Seine Dichtungen (Juvenilia, Feast of the Poets, Francesca da Rimini u. A. m.) erfreuen sich reicher Phantasie, grosser Lebhaftigkeit und warmen Gefühls, sind aber nicht immer frei von Affectation.
Taste, but with a reverent care;
See her whitest lilies
Chill the silver showers,
of the flowers.
Of a use the finesty
Painteth us, the teachers of the end of use;
Travellers, weary eyed, We are the sweet flowers,
far and wide; Born of sunny showers,
Unto sick and prison'd thoughts we give sudden (Think, whene'er you see us, what our beauty
Not a poor town window
Loves its sickliest planting,
But its wall speaks loftier truth than Babylonian
vaunting. breath. All who see us love us, We befit' all places:
Sagest yet the uses, Unto sorrow we give smiles,
and unto graces,
Mix'd with our sweet juices, graces.
Whether man, or May-fly, profit of the balm;
As fair fingers heal'd
Knights from the olden field, Mark our ways, how noiseless
We hold cups of mightiest force to give the All, and sweetly voiceless,
wildest calm. Though the March-winds pipe, to make our pas- Ev’n the terror, poison, sage clear;
Hath its plea for blooming; Not a whisper tells
Life it gives to reverent lips, though death to Where our small seed dwells,
the presuming. Nor is known the moment green, when our tips
And oh! our sweet soul-taker,
That thief, the honey maker,
In his talking rooms a - top, sweet flowers.
How the feasting fumes,
Till the gold cups overflow to the mouths of men! The dear lumpish baby
The butterflies come aping Humming with the May-bee,
Those fine thieves of ours, Hails us with his bright stare, stumbling through And flutter round our rifled tops, like tickled
flowers with flowers. The honey-dropping moon, On a night in June,
See those tops, how beauteous ! Kisses our pale pathway leaves, that felt the
What fair service duteous bridegroom pass. Round some idol waits, as on their lord the Age, the wither'd clinger,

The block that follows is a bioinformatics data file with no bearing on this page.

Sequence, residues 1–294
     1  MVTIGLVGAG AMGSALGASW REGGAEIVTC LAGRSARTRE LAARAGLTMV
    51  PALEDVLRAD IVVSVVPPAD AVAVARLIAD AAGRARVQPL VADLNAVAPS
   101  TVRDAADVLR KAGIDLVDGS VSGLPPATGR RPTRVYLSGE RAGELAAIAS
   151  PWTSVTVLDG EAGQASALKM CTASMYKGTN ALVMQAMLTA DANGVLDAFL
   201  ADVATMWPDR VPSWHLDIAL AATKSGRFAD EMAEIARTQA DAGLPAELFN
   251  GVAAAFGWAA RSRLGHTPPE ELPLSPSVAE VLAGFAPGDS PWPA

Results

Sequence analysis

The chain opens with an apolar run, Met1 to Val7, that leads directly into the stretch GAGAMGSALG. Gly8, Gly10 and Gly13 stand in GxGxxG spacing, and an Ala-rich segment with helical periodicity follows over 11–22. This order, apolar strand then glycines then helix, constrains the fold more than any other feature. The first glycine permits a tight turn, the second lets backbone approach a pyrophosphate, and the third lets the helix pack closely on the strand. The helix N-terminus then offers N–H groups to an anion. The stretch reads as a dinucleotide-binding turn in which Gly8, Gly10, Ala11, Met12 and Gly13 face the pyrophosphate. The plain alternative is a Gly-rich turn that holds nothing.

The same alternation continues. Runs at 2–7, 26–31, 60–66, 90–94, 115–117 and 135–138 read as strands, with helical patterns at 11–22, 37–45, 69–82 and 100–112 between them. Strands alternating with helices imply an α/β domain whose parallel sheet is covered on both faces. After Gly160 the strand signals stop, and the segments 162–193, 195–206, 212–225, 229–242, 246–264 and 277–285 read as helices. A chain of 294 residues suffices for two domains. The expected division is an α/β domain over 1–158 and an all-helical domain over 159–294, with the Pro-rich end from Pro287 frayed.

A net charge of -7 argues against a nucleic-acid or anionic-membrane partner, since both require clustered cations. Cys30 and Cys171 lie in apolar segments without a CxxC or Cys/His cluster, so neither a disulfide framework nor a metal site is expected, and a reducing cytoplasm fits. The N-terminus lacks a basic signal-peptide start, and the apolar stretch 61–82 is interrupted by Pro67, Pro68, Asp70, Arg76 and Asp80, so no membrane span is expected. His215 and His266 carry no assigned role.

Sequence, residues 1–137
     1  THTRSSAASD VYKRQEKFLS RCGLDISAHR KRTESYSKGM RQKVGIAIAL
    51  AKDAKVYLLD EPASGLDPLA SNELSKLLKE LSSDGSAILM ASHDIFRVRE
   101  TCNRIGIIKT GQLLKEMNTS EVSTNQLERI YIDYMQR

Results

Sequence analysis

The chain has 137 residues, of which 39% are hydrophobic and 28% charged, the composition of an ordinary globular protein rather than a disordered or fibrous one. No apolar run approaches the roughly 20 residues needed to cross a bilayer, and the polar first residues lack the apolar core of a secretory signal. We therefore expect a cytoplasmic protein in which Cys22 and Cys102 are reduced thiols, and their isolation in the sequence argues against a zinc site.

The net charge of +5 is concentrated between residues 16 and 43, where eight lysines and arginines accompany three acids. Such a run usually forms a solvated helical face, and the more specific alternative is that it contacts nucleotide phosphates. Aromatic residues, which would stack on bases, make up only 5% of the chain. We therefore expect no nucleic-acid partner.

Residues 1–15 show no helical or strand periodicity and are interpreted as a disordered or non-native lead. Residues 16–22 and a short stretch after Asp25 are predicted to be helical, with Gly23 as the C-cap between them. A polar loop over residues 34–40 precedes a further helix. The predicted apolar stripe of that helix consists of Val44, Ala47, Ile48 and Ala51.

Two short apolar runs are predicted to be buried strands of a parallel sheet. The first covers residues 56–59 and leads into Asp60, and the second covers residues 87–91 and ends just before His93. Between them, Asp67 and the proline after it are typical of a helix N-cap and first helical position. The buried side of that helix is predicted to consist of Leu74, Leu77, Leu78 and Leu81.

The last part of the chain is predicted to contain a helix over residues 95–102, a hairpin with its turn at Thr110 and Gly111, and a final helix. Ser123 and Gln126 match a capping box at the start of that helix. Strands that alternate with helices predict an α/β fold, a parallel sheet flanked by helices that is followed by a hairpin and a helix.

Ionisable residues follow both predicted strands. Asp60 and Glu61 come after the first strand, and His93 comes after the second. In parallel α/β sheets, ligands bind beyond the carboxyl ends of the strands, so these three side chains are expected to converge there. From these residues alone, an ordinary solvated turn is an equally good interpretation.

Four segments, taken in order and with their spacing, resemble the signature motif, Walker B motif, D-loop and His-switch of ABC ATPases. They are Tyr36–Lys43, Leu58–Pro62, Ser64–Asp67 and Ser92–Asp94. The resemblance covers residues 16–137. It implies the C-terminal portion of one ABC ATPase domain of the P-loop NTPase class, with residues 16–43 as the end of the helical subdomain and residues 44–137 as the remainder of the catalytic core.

Nine? On us mutely gazes,
Elfin court 'twould seem; And wraps the thought of his last bed in his
And taught, perchance, that dream childhood's daisies. Which the old Greek mountain dreamt, upon
nights divine. See (and scorn all duller
To expound such wonder Taste) how heav'n loves colour;
Human speech avails not; How great Nature, clearly, joys in red and Yet there dies no poorest weed, that such a glory
exhales not. green; What sweet thoughts she thinks Of violets and pinks,
Think of all these treasures, And a thousand Aushing hues, made solely to Matchless works and pleasures,
Every one à marvel, more than thought can say;
Then think in what bright show'rs
Oh! pray believe that angels We thicken fields and bow'rs,
From those blue dominions, And with what heaps of sweetness half stifle Brought us in their white laps down, 'twixt their wanton May:
golden pinions. Think of the mossy forests
By the bee-birds haunted,
Who shall say, that flowers
Dress not heaven's own bowers ? Who its love, without us, can fancy,
To say, "He has departed,"
“His voice," "his face," To feel impatient-hearted,
To say, we sprang not there,
of heav'o the more?
Yet feel we must bear on: Ah, I could not endure
To whisper of such woe, Unless I felt this sleep ensure
That it will not be so.